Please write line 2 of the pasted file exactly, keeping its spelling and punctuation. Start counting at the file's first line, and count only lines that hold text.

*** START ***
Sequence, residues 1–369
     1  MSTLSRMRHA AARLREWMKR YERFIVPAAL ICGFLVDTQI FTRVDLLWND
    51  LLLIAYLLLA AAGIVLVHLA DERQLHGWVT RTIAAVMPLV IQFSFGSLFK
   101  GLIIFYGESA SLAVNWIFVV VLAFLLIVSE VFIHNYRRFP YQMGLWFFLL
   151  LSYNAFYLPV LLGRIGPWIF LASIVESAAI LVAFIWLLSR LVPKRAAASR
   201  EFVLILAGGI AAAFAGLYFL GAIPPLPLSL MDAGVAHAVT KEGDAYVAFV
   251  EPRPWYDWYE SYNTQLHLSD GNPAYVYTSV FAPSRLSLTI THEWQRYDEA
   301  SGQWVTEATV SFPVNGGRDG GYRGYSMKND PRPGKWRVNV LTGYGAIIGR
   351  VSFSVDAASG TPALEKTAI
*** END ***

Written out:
     1  MSTLSRMRHA AARLREWMKR YERFIVPAAL ICGFLVDTQI FTRVDLLWND